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What do you do when someone hurts you?

This is the hard stuff of life, isn’t it?

Maybe they talked behind your back. Or worse, stabbed you in the back.

Maybe they hurled insults at you, called you names, or questioned your motives. Maybe they judged you wrongly or ignored you completely.

The truth is hurt hurts.

Which means hurt is hard to handle in a holy way.

Let’s be honest: when we’ve been hurt, our natural inclination is to respond in hurt with the intent to hurt. Some of us lash out while others of us check out.

But is this the best way to handle hurt? We know it’s not.

So what do we do instead?

Many years ago, my pastor/hubby, JP showed me by example.

JP had experienced deep church hurt, the kind where power and church politics trump grace and truth. Like a mama bear (except, a wife bear) I was determined to protect my loved one. What they did to him, I longed to do to them-if not publicly, privately, in my head and in my home.

I’d vent, rant, and do all the usual things women do when they, or someone they love, has been hurt. Wisely, behind closed doors, JP let me vent. I think he knew I’d explode if I didn’t talk to someone about the hurt.

Except one evening, during a particularly emotional rant, I paused to notice JP wasn’t joining my private vent party. In retrospect, I now realize I possessed the unfortunate talent of turning a “vent” into an event. There’s a fine line between expressing feelings (which is healthy) and vomiting feelings (which makes everyone, including us, feel worse). 

How do we know if we’re expressing our feelings versus vomiting our feelings?

When we express our feelings we talk openly to the right person in the right way, which makes us more spiritually and emotionally healthy. When we vomit our feelings we talk negatively to the wrong person in a toxic way, which makes us more spiritually sick.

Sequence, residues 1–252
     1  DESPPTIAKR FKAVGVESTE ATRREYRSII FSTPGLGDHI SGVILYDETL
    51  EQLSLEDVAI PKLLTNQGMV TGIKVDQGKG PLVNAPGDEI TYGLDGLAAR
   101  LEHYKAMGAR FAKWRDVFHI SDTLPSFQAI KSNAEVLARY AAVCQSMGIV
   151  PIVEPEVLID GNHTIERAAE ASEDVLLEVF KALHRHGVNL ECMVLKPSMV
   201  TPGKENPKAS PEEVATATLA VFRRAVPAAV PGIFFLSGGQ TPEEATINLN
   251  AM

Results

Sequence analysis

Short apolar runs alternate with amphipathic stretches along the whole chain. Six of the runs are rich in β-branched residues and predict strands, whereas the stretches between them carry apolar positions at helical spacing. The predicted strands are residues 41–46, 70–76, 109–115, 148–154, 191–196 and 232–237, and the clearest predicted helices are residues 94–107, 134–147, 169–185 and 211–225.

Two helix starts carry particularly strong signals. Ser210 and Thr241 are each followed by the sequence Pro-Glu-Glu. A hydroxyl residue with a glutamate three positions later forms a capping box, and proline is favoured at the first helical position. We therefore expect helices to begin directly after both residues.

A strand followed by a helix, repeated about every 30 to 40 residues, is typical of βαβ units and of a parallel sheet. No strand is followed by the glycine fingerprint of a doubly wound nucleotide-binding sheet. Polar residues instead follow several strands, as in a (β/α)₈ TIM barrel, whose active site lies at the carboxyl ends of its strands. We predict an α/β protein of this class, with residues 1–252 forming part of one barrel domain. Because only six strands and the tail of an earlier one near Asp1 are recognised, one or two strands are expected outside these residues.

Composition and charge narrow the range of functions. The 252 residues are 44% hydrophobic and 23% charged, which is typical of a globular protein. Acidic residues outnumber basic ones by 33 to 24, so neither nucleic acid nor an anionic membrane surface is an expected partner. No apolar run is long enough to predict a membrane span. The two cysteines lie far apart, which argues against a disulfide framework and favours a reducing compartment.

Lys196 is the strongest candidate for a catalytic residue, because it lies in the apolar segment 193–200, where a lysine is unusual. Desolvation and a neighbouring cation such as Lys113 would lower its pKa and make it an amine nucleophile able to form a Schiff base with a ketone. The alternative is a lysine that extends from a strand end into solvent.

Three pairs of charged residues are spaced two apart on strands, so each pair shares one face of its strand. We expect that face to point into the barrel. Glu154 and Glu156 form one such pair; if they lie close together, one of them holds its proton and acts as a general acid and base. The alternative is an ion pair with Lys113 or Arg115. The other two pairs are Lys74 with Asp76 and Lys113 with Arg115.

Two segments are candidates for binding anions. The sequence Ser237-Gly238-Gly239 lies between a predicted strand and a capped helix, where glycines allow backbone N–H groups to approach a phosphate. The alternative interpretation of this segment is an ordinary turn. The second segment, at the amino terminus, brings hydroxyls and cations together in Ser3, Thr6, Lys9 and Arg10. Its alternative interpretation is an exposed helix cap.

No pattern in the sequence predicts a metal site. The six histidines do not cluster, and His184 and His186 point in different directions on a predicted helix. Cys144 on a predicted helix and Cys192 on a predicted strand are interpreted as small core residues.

Suddenly, in the middle of my emotional vomit, I realized JP never joined my party.

And you know what? That made me mad.

I wanted him to join my pitiful little 24/7 “It’s not right! It’s not fair!” banquet of pain. But he wouldn’t.

“Why don’t you ever say anything bad about those people? They treated you horribly!”

“Donna, do you know who can live in (experience) the presence of the Lord?”

“Um….not exactly.”

JP opened his Bible and read me Psalm 15; a mere five short verses that outline who can dwell in the presence of God.

Who may worship in your sanctuary, Lord?
    Who may enter your presence on your holy hill?
Those who lead blameless lives and do what is right,
    speaking the truth from sincere hearts.
Those who refuse to gossip
    or harm their neighbors
    or speak evil of their friends.
Those who despise flagrant sinners,
    and honor the faithful followers of the Lord,
    and keep their promises even when it hurts.
Those who lend money without charging interest,
    and who cannot be bribed to lie about the innocent.
Such people will stand firm forever. (Psalm 15 NLT)

After reading these words, JP directed my attention to verses 1-3, and the last line of verse 4.

“Donna, I’m not responsible for their relationship with God. That’s on them. But I am responsible for mine.”

“If I want to stay in fellowship with God then I must do what’s right, even when others don’t. I must refuse to gossip or speak badly about others, despite what anyone else says or does. I must keep my promises even when it hurts.” (v 4).

And then, JP said something that changed the way I think about hurt. And being wronged. And pain.